After being put on the shelf courtesy of a wrench shot from the big red monster back at No Way Out in February, Vader returned last month at Unforgiven, brawling with Kane during his inferno match with the Undertaker. It was around this time that Vader quickly became one of my favourite wrestlers in the company as a kid, which is kind of ironic considering he was winding down his run at this point in time. Anyway, after getting a measure of revenge on Kane at Unforgiven, Vader has been brawling with the evil brother of the Undertaker on Raw is War for weeks heading into this show, resulting in this rematch being signed. On the Raw prior to this event, Vader added the stipulation that it would be a mask vs mask match before getting into a final brawl with Kane, which sent the big red monster retreating. Now that stipulation should pretty much tell you who was winning this one considering you could practically see Vader’s face through his mask (not to mention that he had often taken it off during matches before this), but as a kid I remember being excited by the prospect of seeing Kane without his mask. Anyway, Kane makes his way out with Bearer here before Vader follows to a huge pop. The man was still over and I really think he could have had more potential as an upper midcard face at this point. The match isn’t quite as long as their previous PPV encounter, but its still a decent enough power match designed to build Kane back up after losing to Taker twice over the past few two months on PPV. The referee gets distracted with Bearer whilst Vader gets a measure of revenge from their last encounter when he grabs a wrench and takes some shots at Kane with it. The Mastodon sets Kane up for the Vadersault, but Kane avoids it and comes back with a tombstone piledriver to pin Vader at 7:20. After the match, Kane rips off Vader’s mask and hands it to Bearer who puts it on and declares that its Paul Bearer Time, impersonating the Mastodon. As I said, this wasn’t as good as their last match, but it also got less time. It did its job in building Kane back up for bigger things though.
At ringside, Michael Cole gets a word from Vader who has recovered but looks upset. He contemplates Vader Time being over before calling himself a big fat piece of shit. Ouch.
Cole now gets in the ring to pay tribute to two legends in the arena tonight from the Midwest region in Mad Dog Vachon and the Crusher. Cole presents them with a plaque each as Lawler complains about the segment as being a waste of time and saying that he has never heard of them. Vachon and Crusher thank the fans, but Lawler has had enough and gets in the ring. In typical heel Lawler fashion he rips on the two old timers and even rips Mad Dog’s prosthetic leg off (hey Diesel, how you doing?). Crusher comes to his defence, nailing Lawler with a punch. Lawler runs off but tries to blindside the legends once more, grabbing Vachon’s leg again and tries to make off with it before Crusher gets it back, whacking Lawler with it. Simple segment to get the pop for the Crusher and Mad Dog, which was strange as the WWF wasn’t really in their acknowledging history phase yet. Lawler gets back on commentary as JR is disgusted by his actions.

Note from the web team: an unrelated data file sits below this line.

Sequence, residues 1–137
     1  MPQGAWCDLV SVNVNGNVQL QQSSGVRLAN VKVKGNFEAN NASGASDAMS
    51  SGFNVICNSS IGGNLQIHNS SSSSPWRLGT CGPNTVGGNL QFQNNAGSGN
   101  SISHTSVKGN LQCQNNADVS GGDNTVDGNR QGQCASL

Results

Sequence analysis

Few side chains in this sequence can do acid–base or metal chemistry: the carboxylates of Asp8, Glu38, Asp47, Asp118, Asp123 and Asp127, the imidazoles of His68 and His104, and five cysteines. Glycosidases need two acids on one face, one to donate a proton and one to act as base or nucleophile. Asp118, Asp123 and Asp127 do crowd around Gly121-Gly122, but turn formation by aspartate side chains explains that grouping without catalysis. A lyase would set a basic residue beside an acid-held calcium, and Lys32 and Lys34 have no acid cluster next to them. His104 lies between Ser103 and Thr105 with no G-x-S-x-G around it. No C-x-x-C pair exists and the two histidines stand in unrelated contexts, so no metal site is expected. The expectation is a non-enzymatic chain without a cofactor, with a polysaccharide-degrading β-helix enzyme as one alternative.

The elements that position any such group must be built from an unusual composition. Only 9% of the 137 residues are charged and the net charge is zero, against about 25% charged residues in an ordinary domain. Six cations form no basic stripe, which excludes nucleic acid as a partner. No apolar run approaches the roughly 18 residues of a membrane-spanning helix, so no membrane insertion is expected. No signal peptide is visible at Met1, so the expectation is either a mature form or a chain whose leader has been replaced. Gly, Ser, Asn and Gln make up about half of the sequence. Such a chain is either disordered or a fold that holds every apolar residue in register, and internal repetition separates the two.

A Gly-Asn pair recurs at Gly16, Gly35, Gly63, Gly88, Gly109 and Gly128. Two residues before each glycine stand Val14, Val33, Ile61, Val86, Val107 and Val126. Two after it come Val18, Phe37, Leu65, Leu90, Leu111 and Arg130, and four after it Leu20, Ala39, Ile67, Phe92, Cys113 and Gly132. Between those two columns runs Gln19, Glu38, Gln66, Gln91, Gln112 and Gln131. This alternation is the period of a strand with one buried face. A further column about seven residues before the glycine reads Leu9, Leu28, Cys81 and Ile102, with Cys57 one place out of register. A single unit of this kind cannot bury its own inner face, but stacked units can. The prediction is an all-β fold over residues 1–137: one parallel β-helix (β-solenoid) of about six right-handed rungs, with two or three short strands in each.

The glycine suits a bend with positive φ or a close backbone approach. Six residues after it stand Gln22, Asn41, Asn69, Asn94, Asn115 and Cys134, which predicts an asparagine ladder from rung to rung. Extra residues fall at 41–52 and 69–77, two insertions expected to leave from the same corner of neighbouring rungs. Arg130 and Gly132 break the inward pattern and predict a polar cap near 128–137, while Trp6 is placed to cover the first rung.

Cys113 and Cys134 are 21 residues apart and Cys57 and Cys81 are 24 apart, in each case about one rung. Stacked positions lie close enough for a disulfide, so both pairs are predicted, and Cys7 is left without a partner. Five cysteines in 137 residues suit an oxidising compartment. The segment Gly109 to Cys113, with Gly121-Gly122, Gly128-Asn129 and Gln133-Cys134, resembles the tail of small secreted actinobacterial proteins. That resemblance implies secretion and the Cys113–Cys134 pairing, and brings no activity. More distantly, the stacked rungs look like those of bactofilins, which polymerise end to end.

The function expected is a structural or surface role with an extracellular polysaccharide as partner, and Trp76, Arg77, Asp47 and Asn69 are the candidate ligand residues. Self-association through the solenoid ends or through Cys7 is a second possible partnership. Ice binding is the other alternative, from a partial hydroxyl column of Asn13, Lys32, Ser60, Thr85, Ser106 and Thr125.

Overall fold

We now send it to DX in the back. They pretty much just say that they are ready to go to war with the Nation. That match is up next.
Triple H & New Age Outlaws w/X-Pac & Chyna vs Owen Hart, D’Lo Brown & Kama Mustafa w/Mark Henry
And so the Triple H/Owen Hart feud continues, although both men are in different roles a mere month from their last encounter. The night after Unforgiven on Raw is War, Owen Hart teamed with Ken Shamrock to battle Nation members Rock and Mark Henry, but during the match he snapped, attacking Shamrock, sick of being left alone and outnumbered by DX time and time again. This led to Owen joining the Nation and taking Shamrock out of action by destroying his ankle, this turning heel in the process. Meanwhile, DX had been getting increasingly positive reactions from the fans ever since Wrestlemania. This was rectified when they were in the ring only to be interrupted by the Nation and its new co-captain Owen Hart, who were looking for a fight. The two factions would brawl, with DX effectively turning face as a result. They had also been invading WCW around this time which was only adding to their popularity, so the move was inevitable. The two factions brawled over the next few weeks heading into this match here. By the way, Triple H is still the European Champion, whilst the Outlaws are still the Tag Team Champs. DX does their usual schtick on the mic before the match. I believe X-Pac wasn’t cleared to compete yet here, so the match is a six man tag instead of eight, with Henry sitting things out on the Nation side of the fence. Anyway, this is a decent enough match as the crowd was really behind DX. Both teams take time in control here as we get a decent length for this. DX builds some momentum as Chyna and Henry get into an altercation on the outside, the referee being distracted, allowing Triple H and Billy Gunn to hit a spike piledriver on D’Lo. The match continues though with Owen getting into the match and hitting his hated rival, the European Champion with his own move, the pedigree. That gives the Nation the pinfall victory at 18:33, but the issues between these two factions is far from over. Fun match.